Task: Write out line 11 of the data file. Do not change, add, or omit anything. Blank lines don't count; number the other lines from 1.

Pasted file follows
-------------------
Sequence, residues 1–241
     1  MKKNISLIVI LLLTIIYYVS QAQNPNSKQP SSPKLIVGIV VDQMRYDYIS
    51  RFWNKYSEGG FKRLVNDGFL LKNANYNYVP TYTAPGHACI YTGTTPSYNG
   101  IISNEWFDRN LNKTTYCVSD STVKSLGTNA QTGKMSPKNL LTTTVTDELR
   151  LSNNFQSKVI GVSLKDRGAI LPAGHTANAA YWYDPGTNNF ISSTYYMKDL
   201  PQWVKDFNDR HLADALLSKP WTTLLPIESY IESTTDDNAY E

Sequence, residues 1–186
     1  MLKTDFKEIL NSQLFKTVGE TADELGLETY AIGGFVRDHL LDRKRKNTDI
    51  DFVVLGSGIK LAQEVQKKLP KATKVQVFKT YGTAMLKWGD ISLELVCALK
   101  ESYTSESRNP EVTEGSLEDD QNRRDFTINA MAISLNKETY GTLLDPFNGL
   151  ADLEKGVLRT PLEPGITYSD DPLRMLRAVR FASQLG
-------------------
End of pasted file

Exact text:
   151  ADLEKGVLRT PLEPGITYSD DPLRMLRAVR FASQLG